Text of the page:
How to Secure Your Linux Server with Fail2Ban

Fail2Ban

Fail2Ban is undoubtedly the best software to secure your Linux server and protect it from automated attacks. When enabled, it provides many configurable rules to ban source addresses that may try to access your device. Fail2Ban works hand in hand with a firewall, so we recommend installing and enabling them as separate layers of security.

In previous posts, we discussed preventing CentOS servers from being hacked with Fail2Ban.

In this article, we explain Fail2Ban and its uses. We will also show you how to install and run Fail2Ban on Ubuntu.

How to install Fail2Ban

1. We recommend updating the system repository and software before installing the new package. Run the following command:

apt-get update && apt-get upgrade

 

2. Install the Fail2Ban package by running the following command:

apt-get install fail2ban

 

3. If you want to add email support for the Fail2Ban service, enter the following command and press Enter:

apt-get install sendmail

 

4. Confirm the installation status of Fail2Ban using the following command:

sudo systemctl status fail2ban

How to set up Fail2Ban

After installing it, consider configuring it. This section will examine how to do this using the jail. Local file.

Fail2Ban has a configuration file called jail. Conf that contains jails – filters with actions. However, users should not modify this file directly as it contains the basic rules for the software.

Instead, please make a copy of the original file and name it jail. Local. Using it, you can customize and set filters and actions like ignore, bedtime, find time, maxretry, and backend. ignore

This feature requires you to specify trusted IP addresses, DNS hosts, or CIDR masks that Fail2Ban should ignore. This parameter allows all traffic to come from specified sources. You can add multiple addresses and separate them with spaces.

bantime

This parameter determines the length of time a client is banned after a failed authentication. The ban period is measured in seconds, and the default number is 600 or 10 minutes.

 

find time

This setting determines the time of failed login attempts. If a host fails authentication multiple times (based on the maxretry setting) during the set period, its IP address will be banned.

maxretry

maxretry works in conjunction with find time – it sets the maximum number of failed login attempts in the defined time window. The default value is 5.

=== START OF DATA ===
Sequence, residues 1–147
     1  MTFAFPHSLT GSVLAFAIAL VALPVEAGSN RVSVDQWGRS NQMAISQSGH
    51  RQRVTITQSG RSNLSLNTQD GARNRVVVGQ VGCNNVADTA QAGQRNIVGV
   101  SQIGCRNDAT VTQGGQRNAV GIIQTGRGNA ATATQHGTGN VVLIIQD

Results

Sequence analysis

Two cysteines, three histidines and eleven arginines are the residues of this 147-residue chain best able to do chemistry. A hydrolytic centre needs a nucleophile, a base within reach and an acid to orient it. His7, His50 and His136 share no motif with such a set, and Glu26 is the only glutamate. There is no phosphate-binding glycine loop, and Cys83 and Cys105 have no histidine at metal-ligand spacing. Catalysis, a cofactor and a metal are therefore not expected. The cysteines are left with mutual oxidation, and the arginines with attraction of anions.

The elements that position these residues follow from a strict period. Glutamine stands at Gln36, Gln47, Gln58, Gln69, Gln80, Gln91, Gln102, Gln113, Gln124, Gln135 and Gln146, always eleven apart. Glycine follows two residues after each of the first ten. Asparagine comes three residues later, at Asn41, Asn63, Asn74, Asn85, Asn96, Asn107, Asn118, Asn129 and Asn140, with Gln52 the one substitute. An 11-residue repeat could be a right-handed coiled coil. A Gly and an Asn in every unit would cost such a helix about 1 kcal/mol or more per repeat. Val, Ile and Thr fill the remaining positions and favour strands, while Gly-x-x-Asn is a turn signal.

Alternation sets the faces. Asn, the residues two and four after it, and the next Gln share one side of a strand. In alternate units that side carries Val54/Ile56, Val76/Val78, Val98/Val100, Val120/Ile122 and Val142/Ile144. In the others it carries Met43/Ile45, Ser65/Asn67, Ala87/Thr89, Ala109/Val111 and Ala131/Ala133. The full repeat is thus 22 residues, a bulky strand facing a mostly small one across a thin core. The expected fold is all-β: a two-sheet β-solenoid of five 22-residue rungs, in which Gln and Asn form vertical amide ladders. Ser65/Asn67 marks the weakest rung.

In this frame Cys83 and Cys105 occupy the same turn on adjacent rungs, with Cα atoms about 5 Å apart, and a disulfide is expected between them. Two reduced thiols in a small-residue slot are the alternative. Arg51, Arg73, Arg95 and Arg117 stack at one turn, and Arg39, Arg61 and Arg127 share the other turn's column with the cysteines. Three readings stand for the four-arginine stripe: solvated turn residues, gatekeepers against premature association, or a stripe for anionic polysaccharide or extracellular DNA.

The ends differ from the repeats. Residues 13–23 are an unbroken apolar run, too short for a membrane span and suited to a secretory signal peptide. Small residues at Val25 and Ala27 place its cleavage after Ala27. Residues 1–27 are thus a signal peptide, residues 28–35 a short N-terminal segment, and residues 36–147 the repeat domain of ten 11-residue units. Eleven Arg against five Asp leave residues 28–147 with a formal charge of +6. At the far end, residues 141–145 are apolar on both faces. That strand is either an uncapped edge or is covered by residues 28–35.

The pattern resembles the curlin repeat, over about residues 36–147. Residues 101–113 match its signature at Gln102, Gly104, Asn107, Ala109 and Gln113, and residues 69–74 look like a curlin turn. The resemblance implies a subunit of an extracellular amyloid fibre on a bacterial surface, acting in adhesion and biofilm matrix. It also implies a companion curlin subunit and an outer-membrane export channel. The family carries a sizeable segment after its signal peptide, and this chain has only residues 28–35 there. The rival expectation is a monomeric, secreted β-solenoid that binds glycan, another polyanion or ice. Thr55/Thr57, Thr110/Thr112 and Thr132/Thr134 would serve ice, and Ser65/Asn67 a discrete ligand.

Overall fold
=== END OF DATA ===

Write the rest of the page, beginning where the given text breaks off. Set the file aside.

backend

This feature allows you to specify the backend configuration for file modification. The default value is auto, but it must be configured if you use CentOS or Fedora.

pynotify – monitors file system changes in real-time and requires a file change monitor to be installed.
gamin – Like pynotify but requires Gamin tool.
polling – uses a polling algorithm that does not require external libraries.
systemd – uses the systemd python library to access the systemd journal.
auto – uses the previous values ​​in this order – pyinotify, gamin and polling.

You can also set additional settings in the jail.local file, including SSH and iptables settings. The available options are:

banaction – Defines which default action to use if the maxretry threshold is reached. If you are using a firewall, set the value to firewallcmd-ipset. However, if you have set UFW as your firewall, change it to ufw.

banaction_allports – Allows you to tag and block IP addresses on any port. If you are using a firewall, set the value to firewallcmd-ipset.

port – The value must match the configured service. If using the default port, change the value to the service name. If you are using a non-traditional port, enter the port number here.

filter – filename located in /etc/fail2ban/filter.d contains failregex information used to parse log files.

Conclusion

Fail2Ban is logging analysis software that helps protect Linux-based web servers from cyber attacks.

In this article, we have shown how to install Fail2Ban on the popular Ubuntu operating system. We also explained how to edit jail.local, the software configuration file. We hope this article helped you set up Fail2Ban on your Linux server. If you have any questions or suggestions, post them in the comments section below.